Premorbid brain structure influences risk of amyotrophic lateral sclerosis.
Thompson AG., Taschler B., Smith SM., Turner MR.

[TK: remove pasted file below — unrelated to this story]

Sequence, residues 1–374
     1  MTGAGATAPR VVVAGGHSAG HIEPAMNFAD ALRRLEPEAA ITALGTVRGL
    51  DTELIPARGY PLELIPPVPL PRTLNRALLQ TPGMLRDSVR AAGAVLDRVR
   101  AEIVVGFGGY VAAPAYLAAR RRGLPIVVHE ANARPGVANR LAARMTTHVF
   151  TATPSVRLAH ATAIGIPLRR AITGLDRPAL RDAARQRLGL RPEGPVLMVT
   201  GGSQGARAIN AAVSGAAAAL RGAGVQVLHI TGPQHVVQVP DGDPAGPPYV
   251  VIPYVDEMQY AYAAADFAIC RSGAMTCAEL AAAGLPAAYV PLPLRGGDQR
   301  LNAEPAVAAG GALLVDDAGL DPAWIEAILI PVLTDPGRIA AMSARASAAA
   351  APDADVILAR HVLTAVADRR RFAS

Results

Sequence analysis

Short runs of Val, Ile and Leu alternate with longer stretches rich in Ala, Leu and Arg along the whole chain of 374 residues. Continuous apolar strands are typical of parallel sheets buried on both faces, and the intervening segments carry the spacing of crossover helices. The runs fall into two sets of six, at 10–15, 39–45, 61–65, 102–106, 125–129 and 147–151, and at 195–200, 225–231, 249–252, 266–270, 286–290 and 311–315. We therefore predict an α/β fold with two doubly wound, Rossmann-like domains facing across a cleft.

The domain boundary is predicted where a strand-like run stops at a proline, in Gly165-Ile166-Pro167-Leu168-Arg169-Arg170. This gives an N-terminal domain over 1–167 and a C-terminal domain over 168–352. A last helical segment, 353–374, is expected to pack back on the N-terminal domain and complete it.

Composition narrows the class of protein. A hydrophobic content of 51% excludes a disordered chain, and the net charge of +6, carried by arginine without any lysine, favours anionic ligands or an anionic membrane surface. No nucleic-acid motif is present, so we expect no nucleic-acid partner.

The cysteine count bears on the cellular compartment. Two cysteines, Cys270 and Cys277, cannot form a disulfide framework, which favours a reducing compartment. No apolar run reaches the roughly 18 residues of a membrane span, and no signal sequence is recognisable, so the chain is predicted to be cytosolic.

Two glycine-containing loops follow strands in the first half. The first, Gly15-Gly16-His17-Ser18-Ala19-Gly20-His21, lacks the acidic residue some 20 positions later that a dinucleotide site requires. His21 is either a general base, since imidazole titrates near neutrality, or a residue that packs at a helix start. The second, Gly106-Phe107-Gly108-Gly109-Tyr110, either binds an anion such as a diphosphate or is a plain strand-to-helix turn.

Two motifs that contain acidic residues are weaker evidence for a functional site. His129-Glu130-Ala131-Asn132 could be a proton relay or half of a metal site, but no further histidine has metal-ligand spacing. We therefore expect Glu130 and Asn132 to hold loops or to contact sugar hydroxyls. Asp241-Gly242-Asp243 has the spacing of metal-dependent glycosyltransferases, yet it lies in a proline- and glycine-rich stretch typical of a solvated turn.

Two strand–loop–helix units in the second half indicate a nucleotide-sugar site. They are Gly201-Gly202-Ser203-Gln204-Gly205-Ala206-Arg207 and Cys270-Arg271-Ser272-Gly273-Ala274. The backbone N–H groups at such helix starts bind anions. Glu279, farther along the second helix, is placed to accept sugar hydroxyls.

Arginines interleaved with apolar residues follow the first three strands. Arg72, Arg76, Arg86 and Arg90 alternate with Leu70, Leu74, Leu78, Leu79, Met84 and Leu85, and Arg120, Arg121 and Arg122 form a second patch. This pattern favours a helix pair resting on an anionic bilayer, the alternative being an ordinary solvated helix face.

BACKGROUND: Amyotrophic lateral sclerosis (ALS) is a disease of the motor network associated with brain structure and functional connectivity alterations that are implicated in disease progression. Whether such changes have a causal role in ALS, fitting with a postulated influence of premorbid cerebral architecture on the phenotypes associated with neurodegenerative disorders is not known. METHODS: This study considered causal effects and shared genetic risk of 2240 structural and functional MRI brain scan imaging-derived phenotypes (IDPs) on ALS using two sample Mendelian randomisation, with putative associations further examined with extensive sensitivity analysis. Shared genetic predisposition between IDPs and ALS was explored using genetic correlation analysis. RESULTS: Increased white matter volume in the cerebral hemispheres was causally associated with ALS. Weaker causal associations were observed for brain stem grey matter volume, parieto-occipital white matter surface and volume of the left thalamic ventral anterior nucleus. Genetic correlation was observed between ALS and intracellular volume fraction and isotropic free water volume fraction within the posterior limb of the internal capsule. CONCLUSIONS: This study provides evidence that premorbid brain structure, in particular white matter volume, contributes to the risk of ALS.